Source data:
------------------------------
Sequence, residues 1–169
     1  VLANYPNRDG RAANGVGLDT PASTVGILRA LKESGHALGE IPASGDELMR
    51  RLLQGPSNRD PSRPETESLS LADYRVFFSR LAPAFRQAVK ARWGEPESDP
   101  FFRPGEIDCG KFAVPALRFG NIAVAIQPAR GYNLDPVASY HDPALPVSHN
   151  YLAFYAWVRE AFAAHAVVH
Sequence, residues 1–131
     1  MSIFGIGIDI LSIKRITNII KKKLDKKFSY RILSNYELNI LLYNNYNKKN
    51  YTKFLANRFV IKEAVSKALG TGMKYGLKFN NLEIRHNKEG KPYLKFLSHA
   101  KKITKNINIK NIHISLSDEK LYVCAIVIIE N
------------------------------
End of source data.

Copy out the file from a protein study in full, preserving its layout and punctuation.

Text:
Sequence, residues 1–169
     1  VLANYPNRDG RAANGVGLDT PASTVGILRA LKESGHALGE IPASGDELMR
    51  RLLQGPSNRD PSRPETESLS LADYRVFFSR LAPAFRQAVK ARWGEPESDP
   101  FFRPGEIDCG KFAVPALRFG NIAVAIQPAR GYNLDPVASY HDPALPVSHN
   151  YLAFYAWVRE AFAAHAVVH
Sequence, residues 1–131
     1  MSIFGIGIDI LSIKRITNII KKKLDKKFSY RILSNYELNI LLYNNYNKKN
    51  YTKFLANRFV IKEAVSKALG TGMKYGLKFN NLEIRHNKEG KPYLKFLSHA
   101  KKITKNINIK NIHISLSDEK LYVCAIVIIE N